And then… after all this… I fell into L&D. All because I saw a job advert and remembered that back when I was a manager I enjoyed doing the odd bit of staff training. And I’ve always enjoyed presenting to people – unlike many I never see it as a concern or a challenge. I considered becoming a teacher when I was younger but was talked out of it by teachers when I did work experience (“it’s a great job but it’s not like it used to be” was what I kept being told in numerous schools)

    And luckily, it turns out that it’s quite varied – the main thing I enjoy.

    Sometimes I wonder what could have been if I had chosen other paths. But the fact is, I still don’t know what I want my “career” to be, even if I could have wound back the clock. I’m enjoying L&D at the moment, and I’m happy to see where I’ll end up. I’ve learnt a lot in two years of doing it, and feel like I’ve barely got started (the first year was very much “learning on the job” and making all the novice training mistakes you’d expect someone to make when they have no L&D peers to mentor them)

    The whole “lack of a vision” I think is because, in part, I come from a family who don’t have careers. There’s no history of it really. And I honestly believe that seeing someone in your family as your grow up in a certain roles can be a powerful driver in realising what career choices are out there (career advice in my school was pretty much “what do you want to do? OK, here’s what grades and subjects you’d need to do” once a year at most, rather than opening your eyes to alternatives and opportunities)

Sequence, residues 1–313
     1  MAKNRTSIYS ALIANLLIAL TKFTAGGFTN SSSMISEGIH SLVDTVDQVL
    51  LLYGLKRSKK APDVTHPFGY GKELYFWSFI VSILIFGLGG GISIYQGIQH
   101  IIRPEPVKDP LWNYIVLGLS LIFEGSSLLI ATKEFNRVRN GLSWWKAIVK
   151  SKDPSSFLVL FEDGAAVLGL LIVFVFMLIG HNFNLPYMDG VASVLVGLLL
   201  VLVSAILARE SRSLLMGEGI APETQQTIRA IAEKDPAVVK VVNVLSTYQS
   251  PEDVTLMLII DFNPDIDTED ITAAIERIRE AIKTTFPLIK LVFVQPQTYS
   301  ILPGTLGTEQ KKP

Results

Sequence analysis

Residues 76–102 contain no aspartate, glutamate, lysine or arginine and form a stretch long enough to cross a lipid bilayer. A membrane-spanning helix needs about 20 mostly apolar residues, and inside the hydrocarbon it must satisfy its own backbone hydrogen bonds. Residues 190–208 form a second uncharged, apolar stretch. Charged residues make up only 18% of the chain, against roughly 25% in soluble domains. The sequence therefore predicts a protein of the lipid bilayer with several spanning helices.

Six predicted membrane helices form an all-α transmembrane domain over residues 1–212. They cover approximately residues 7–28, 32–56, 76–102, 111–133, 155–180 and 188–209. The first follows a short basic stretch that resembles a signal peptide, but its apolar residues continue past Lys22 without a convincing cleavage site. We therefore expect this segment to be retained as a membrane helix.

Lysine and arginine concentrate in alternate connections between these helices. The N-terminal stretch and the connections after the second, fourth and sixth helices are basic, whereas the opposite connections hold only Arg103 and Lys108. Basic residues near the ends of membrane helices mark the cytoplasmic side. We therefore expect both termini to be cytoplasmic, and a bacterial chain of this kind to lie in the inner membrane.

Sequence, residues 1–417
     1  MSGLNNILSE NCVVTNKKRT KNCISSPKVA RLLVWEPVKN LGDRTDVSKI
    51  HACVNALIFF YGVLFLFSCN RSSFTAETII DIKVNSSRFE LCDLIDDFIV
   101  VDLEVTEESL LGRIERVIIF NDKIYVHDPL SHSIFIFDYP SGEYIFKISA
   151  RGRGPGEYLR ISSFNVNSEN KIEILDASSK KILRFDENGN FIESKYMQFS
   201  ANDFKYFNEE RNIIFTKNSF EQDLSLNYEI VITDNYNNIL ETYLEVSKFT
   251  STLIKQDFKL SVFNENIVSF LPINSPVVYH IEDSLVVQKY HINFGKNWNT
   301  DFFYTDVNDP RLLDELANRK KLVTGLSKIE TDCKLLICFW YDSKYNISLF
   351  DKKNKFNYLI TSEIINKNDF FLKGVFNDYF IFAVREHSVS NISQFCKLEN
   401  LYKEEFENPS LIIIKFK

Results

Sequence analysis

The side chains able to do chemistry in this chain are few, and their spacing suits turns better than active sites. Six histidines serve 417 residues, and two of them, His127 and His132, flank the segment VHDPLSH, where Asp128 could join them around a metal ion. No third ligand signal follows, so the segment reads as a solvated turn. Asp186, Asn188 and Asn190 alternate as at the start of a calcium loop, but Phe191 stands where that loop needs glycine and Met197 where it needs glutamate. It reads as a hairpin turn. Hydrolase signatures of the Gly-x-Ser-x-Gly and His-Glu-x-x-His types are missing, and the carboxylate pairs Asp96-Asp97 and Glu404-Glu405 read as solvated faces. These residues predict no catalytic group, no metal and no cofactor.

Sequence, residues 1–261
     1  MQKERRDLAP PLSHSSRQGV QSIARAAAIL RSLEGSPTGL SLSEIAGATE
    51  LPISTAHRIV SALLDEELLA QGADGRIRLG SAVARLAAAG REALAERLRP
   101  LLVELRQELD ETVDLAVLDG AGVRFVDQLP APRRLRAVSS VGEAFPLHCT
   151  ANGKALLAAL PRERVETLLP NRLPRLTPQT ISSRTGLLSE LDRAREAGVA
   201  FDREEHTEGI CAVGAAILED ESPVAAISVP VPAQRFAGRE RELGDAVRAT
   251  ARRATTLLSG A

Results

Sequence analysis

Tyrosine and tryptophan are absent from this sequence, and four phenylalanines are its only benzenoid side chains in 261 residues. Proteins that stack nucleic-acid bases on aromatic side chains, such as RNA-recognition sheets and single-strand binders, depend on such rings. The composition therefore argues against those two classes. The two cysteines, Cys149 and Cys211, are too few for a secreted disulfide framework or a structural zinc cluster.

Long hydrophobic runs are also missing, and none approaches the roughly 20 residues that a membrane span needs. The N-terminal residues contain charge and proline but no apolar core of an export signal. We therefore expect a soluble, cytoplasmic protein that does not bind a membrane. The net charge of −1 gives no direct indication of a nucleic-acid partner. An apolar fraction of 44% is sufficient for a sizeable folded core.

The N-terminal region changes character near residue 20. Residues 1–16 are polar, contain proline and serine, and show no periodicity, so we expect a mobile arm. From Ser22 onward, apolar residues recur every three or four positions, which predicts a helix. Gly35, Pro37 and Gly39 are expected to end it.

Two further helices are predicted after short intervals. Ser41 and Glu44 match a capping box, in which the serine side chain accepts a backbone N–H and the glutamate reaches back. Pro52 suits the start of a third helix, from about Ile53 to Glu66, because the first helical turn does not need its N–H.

I’m not knocking my family, but it’s only after I attended uni that I started meeting people outside of my small town (where most people work for one or two “major employers” in manual roles) and I realised that other people with parents from “professional backgrounds” had a clear idea from a young age of what they wanted to do, for example because they had an uncle in that profession.

    So I too stumbled into L&D. I too have learning experiences about who I am rather than regrets. I’m just interested to see where it takes me next….